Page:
Category Archives: Mind-body


Breast cancer and the LoA: Please don’t be afraid to feel afraid

In my therapy practice in Bryn Mawr, I work with women who have breast cancer. They are often afraid of their fear: the Law of Attraction has become a monster for them. The issue is the LoA and how it applies – and does not apply – to getting and fighting cancer.

I have studied the LoA for years. There is a lot of (I believe rather immature) stuff on the internet about the LoA. “Think well and you will be well”, the teaching goes. I think it grossly oversimplifies the case.

And worse, I think it freaks people out.

Is there nothing to fear but fear itself?

So many women I work with are freaking out because they are scared, and they are scared of being scared. This puts them in a bind. They can’t begin to grapple with the fear, move through it, and let it move through them, because they are afraid that in being afraid they are making themselves sicker.

Because they are afraid of the power of their fear they don’t allow themselves to express it. Consequently, their fear has no way out. It grows in the darkness. And worse, these women feel shame because they have fear.

For most of us, a cancer diagnosis is @%*&# scary.

And then things get better. Most of the time – by far, most of the time – my clients do, too. They learn about treatment options and they start the marathon. They find out that the sun still rises and they still laugh and have fun.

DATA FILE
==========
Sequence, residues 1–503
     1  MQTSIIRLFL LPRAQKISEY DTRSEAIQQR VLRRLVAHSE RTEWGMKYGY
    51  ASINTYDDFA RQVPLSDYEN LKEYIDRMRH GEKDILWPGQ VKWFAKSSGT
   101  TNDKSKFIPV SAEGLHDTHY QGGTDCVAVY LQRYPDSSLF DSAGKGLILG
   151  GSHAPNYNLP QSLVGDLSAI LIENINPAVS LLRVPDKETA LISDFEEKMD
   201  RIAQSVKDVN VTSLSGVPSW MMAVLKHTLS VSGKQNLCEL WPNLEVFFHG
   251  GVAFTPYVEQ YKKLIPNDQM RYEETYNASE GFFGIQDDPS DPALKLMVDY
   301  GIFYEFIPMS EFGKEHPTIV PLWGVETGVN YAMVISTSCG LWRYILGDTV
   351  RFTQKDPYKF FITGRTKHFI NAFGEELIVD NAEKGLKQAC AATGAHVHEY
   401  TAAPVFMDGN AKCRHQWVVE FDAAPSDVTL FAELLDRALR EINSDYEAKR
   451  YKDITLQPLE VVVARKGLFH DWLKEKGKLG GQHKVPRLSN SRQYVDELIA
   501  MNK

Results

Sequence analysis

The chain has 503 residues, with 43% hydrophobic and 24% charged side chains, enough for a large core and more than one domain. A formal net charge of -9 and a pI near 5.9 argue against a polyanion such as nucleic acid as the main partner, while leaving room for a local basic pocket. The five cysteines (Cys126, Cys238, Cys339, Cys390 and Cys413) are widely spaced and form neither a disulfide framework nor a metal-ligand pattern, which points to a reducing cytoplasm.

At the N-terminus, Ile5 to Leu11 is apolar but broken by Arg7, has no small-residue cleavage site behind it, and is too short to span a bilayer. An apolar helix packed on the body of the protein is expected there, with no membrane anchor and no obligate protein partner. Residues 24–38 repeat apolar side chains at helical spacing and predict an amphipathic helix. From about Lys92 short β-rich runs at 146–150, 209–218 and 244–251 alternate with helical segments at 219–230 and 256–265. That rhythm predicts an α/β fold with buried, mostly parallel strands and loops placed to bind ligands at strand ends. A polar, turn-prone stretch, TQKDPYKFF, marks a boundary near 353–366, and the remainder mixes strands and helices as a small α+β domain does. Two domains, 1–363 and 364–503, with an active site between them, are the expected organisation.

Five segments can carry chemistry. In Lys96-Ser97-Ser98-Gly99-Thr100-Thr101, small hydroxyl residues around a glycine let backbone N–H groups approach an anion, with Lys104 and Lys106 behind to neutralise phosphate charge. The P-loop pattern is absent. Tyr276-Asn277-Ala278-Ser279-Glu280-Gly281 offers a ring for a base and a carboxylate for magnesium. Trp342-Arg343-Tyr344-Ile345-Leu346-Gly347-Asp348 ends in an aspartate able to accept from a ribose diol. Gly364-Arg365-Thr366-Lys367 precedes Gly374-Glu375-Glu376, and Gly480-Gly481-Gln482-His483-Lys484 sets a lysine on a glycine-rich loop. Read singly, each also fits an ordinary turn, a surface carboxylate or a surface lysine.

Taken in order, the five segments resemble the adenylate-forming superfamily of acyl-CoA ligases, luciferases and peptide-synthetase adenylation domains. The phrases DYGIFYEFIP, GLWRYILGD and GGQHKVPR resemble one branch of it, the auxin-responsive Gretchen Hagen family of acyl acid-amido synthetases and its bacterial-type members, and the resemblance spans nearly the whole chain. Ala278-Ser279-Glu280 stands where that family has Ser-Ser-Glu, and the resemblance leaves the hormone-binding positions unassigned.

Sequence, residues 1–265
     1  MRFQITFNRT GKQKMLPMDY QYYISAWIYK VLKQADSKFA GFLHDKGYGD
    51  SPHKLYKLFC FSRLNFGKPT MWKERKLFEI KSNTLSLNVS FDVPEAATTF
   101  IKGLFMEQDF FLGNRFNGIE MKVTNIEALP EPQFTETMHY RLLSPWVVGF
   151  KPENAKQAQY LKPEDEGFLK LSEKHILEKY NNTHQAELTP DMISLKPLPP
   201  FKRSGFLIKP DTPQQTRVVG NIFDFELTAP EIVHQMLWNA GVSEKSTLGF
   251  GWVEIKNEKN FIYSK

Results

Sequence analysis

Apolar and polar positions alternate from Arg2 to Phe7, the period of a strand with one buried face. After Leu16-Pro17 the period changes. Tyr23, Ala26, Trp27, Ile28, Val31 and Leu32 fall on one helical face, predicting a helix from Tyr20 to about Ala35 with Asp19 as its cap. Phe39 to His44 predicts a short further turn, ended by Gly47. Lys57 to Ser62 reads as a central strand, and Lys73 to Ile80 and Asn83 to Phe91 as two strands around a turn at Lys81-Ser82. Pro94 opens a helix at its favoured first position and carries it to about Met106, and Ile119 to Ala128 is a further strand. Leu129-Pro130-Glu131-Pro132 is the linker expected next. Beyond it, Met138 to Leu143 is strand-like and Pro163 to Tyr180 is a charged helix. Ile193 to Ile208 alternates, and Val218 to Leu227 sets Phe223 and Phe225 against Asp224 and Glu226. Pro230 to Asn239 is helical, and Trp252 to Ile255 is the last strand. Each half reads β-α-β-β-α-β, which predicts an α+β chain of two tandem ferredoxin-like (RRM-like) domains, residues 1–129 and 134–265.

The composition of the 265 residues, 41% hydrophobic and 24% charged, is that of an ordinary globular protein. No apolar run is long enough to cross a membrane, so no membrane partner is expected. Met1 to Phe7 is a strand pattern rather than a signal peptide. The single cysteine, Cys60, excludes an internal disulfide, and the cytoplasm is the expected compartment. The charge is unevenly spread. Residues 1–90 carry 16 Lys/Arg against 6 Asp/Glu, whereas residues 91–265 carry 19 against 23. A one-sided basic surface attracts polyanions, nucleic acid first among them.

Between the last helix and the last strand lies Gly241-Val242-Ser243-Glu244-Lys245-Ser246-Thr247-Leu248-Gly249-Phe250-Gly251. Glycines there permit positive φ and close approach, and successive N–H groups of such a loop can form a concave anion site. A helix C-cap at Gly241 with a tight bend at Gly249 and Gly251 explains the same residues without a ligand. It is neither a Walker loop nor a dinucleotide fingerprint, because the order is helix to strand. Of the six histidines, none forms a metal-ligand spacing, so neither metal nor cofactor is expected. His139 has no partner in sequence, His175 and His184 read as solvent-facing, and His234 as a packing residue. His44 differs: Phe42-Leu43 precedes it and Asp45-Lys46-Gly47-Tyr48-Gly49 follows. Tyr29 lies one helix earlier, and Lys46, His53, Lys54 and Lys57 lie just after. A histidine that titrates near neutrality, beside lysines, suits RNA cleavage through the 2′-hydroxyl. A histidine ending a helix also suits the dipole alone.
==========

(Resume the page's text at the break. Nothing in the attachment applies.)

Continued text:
The marathon ends and they reflect on how much they have gained: they know a lot about mindfulness and meditation, complementary therapies, nutrition and natural beauty products. They have learned to tell the people they love that they love them. They don’t sweat the small stuff.

But for many women, the road to recovery is fraught with the boogey man named LoA. They come to me and cry: I am afraid, and I am afraid that my fear is killing me. If I let myself feel afraid, am I making my cancer grow? I am afraid to let myself feel afraid, and I’m still afraid. I have no power over this fear. It feels like life and death.

Don’t suppress your emotions.

I don’t pretend to have all the answers. But I know my clients. I read the research. I talk to people. I listen. And I can tell you that there is not a shred of evidence that feeling afraid makes people sicker. On the other hand, there is research, including a study of 94 women with recurrent or metastatic breast cancer, showing that unprocessed trauma hurts.